Editorial cartoon combines fallacies


Scott Shepler’s editorial cartoon in a recent Community Word is an interesting example of a combination of the straw man fallacy and an ad hominem argument.

The art was run in conjunction with an editorial by Clare Howard about the Feb. 11 Defund Planned Parenthood rallies, so it appears to be referencing that event.

I realize editorial cartoons involve exaggerations, but this one was too extreme, irrational and ironic to pass up, especially considering that its depiction of the event was the opposite of what actually transpired on that day in the 2700 block of Knoxville Avenue in Peoria.

Scott’s cartoon was an ad hominem attack in one sense because it tried to make the side he disagreed with look ridiculous. It was a straw man argument because it misrepresents arguments made by the pro-life side.

The person on the left, wanting Planned Parenthood to be defunded, is portrayed as practically ejaculating his opinion, nearly apoplectic. The person on the right, defending PP, is calm and cool and rational in her responses.

For the two hours that I was at the actual competing rallies, however, the pro-lifers exhibited self-control and respect, while some—not all, but some—PP supporters didn’t. Here are a few observations that conflict with Scott’s cartoon:

  • The main organizers and most of those appearing on the pro-life side were women, not men.
  • Profanity and vulgarity were used among the pro-PP group, both on signs (“This is my bitch face”) and in speech. Not true with the pro-lifers.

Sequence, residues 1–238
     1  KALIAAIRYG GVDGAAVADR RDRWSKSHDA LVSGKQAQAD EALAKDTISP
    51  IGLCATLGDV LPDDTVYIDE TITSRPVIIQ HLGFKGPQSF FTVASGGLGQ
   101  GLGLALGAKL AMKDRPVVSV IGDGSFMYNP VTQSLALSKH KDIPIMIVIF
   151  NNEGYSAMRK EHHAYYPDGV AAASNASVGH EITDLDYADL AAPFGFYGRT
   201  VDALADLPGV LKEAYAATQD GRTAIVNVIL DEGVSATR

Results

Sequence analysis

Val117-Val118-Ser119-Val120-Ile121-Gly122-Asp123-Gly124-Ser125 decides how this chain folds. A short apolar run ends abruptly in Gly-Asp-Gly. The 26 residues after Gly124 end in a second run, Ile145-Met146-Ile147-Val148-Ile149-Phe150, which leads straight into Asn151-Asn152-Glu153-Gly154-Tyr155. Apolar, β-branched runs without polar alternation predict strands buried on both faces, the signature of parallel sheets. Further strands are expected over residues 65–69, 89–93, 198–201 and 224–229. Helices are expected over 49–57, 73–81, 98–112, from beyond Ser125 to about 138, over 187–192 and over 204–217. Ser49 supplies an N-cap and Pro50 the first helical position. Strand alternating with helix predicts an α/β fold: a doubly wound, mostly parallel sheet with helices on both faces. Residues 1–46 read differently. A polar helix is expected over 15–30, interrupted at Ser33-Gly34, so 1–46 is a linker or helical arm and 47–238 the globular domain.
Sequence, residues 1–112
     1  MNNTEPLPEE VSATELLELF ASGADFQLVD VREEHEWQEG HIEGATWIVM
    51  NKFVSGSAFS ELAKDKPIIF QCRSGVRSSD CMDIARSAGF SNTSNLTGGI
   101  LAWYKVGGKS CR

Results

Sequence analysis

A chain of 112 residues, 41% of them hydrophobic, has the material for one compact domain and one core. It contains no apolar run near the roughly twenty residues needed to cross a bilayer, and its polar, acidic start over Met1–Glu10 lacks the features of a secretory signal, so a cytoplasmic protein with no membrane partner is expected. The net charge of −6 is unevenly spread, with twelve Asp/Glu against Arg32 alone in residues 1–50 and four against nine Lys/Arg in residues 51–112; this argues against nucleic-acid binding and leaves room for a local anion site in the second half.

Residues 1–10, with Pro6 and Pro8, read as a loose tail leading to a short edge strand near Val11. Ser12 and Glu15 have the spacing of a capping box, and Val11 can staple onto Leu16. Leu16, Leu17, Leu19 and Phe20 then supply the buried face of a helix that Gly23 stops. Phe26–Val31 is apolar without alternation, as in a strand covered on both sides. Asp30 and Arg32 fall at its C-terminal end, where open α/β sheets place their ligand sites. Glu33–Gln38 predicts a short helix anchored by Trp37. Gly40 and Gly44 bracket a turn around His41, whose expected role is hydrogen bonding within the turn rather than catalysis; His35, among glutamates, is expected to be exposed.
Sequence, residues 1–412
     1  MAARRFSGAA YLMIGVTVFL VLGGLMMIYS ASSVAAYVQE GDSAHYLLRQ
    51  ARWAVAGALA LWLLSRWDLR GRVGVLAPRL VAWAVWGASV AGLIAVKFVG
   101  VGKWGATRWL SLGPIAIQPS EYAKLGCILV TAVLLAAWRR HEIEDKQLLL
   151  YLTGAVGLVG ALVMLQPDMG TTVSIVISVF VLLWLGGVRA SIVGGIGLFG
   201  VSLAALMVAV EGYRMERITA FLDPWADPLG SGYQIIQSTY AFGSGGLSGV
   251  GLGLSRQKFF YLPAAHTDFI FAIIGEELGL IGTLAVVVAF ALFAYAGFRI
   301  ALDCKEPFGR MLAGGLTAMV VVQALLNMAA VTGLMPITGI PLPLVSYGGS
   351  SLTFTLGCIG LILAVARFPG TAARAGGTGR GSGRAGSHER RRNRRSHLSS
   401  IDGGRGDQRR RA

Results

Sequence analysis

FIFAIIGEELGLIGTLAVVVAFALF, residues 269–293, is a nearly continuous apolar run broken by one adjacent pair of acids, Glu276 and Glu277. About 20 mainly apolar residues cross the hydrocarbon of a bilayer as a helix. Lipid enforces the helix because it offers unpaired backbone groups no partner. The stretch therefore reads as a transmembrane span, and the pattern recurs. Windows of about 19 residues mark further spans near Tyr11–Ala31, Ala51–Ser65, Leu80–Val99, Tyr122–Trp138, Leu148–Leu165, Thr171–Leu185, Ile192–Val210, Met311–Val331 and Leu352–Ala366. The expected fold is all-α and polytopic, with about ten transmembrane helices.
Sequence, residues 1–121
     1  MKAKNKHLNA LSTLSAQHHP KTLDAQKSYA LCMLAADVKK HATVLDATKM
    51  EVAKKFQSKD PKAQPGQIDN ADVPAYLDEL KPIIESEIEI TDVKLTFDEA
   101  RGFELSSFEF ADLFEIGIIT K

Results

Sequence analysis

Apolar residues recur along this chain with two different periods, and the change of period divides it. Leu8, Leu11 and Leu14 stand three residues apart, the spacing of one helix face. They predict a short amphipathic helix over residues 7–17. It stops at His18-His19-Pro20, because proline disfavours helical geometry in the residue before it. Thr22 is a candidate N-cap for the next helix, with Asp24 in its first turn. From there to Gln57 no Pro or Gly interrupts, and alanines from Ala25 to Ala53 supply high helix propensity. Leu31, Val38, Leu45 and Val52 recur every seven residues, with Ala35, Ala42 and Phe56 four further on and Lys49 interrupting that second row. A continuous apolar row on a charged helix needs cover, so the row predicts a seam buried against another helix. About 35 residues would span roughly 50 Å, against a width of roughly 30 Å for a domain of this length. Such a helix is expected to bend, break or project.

• As pro-lifers gathered at the northern end of the block, several Planned Parenthood supporters, not content with superior numbers, decided to move down the street and stand in front of the pro-lifers to block passing drivers’ view of them (see photo below). One of those blocked from view was a pro-life woman in a wheelchair. To accomplish this, the PP supporters had to stand in the street. Police came by to tell them to get back onto the sidewalk, which they did for a minute. Then they stepped back into the street.
  • Pro-lifers extended kindness to those supporting Planned Parenthood, going through the crowds of the latter and offering hot chocolate (it was a chilly morning), granola bars, and bottles of water. Again, portraying pro-lifers as belligerent contradicts what actually went on.
  • As food and drink were being offered, some Planned Parenthood supporters either tried to block the path of the person offering the treats or told others “Don’t take it.” 
  • One PP supporter entered the ranks of the pro-lifers yelling insults.